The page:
Study: Islamic Finance in the UK
The Dutch central bank and regulator AFM have published a joint analysis of UK Islamic finance.
The reason for the study is the strong rise of Islamic financial products and services in the UK. Within a few years a broad range of financial products and services has been introduced for the professional and private market.
The UK has adapted legislation to create a level playing field with conventional financial products and services and from a consumer protection perspective.
Anticipating possible developments in the Netherlands, the Dutch central bank and the AFM have carried out a joint study.
The offer of Islamic financial products and services has surged worldwide. In the UK the niche market for Islamic financial products and services is considered important for the position of London as a global financial centre.
In other European countries a centre of activities is yet to form and the range of products is largely limited to the professional market and wealthy individuals.
In the Netherlands the market is also in development. The first retail investment products have been launched and various financial institutions have shown interest in the retail market.
The Dutch report aims to improve knowledge of the Islamic finance sector and investigates whether the existing regulatory framework is fit for purpose.
With respect to improved knowledge, the study concludes that suppliers, consultants and consumers have only limited knowledge of Islamic finance at the moment.
The report warns that this poses a potentially heightened risk of miss-selling of financial products and services, which in turn may lead to reputational damage and legal action.
Islamic financial products meet the same economic needs as conventional ones, but generally have a different format.
There are many different Islamic types of contract for these products, which are moreover often of a complex legal nature. This brings with it specific risks, which require all parties to have ample understanding of the matters at hand.
With respect to the adequacy of the regulatory framework the study concludes that the most frequently used types of contract – for Islamic mortgages – are outside the regulator’s peripheral vision.
This is caused by the limited scope of the definition of credit in the Dutch law on financial market regulation. The criteria for a duty of care, however, are open to a much wider definition in this legislation.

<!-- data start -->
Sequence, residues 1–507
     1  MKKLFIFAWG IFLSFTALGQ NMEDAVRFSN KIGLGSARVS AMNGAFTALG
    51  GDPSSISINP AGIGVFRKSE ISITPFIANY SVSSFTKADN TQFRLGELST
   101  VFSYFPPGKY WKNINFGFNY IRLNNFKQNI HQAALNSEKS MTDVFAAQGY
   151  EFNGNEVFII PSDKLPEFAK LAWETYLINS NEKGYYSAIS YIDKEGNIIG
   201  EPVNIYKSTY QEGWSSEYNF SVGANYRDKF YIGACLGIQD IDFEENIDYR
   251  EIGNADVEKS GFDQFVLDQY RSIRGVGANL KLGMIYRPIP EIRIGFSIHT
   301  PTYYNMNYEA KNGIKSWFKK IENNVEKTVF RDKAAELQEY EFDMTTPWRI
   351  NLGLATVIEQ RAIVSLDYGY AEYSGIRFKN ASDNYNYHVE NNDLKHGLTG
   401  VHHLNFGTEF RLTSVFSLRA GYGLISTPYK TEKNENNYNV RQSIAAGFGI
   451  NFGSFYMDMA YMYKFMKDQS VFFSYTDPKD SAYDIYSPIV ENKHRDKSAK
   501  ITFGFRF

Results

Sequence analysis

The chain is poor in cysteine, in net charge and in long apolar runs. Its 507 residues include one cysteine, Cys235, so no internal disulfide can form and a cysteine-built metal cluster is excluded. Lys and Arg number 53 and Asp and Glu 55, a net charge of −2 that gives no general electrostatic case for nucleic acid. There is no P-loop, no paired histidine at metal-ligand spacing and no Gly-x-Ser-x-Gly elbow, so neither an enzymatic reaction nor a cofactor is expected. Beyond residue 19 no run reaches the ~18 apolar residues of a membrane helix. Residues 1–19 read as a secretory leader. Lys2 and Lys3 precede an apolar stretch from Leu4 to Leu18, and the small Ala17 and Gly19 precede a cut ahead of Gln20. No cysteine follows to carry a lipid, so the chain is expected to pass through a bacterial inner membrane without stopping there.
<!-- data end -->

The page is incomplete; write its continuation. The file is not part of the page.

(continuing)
As a result, the report concludes that they can probably also be applied to Islamic financial products and services. A similar problem arises in respect of other regulatory aspects. Not every Islamic financing contract qualifies as a loan.
The report notes that there is at present little transparency in respect of the compulsory alms (“zakat”) and halal elements of Islamic finance products such as Takaful (Islamic insurance), muamalat (Islamic banking transactions) and Sukuk (Islamic securities).
The regulatory emphasis is on the co-mingling of funds, the checks and balances in the verification of financial products by Sharia (“Shari’ah”) scholars and compliance with Sharia law in general.
There are also marked differences with conventional banks when it comes to the specific risk profile of Islamic banks. The credit, operational, liquidity and financial risk profile differ. In addition, displaced commercial risk is a typical element in Islamic banking.
By contrast, Islamic banks do not carry interest liabilities, which limits the risk in comparison with conventional banks.
As a result, not every institution qualifies as a ‘ bank’ under the terms of the law and, therefore, does not qualify for a banking license.
When an institution does fall under the legal definition of a ‘bank’, however, the report concludes that the existing regulatory framework of Basel II offers sufficient flexibility to address issues in respect of corporate governance and liquidity.
Definitions may need to be reconsidered
To what extent legislation may need to be adapted in future depends in part on the range of products and associated types of contract that may appear on the market, according to the report.
In particular, the report notes that definitions of common terminology such as “interest” may need to be reconsidered.
The study suggests that financial service providers may need to be better educated on Islamic finance products and services in order to achieve the objective of a true level playing field with conventional financial products and services in respect of legal consumer protection.
The analysis is currently only available in Dutch, although an English translation will be made available by the Dutch central bank in due course.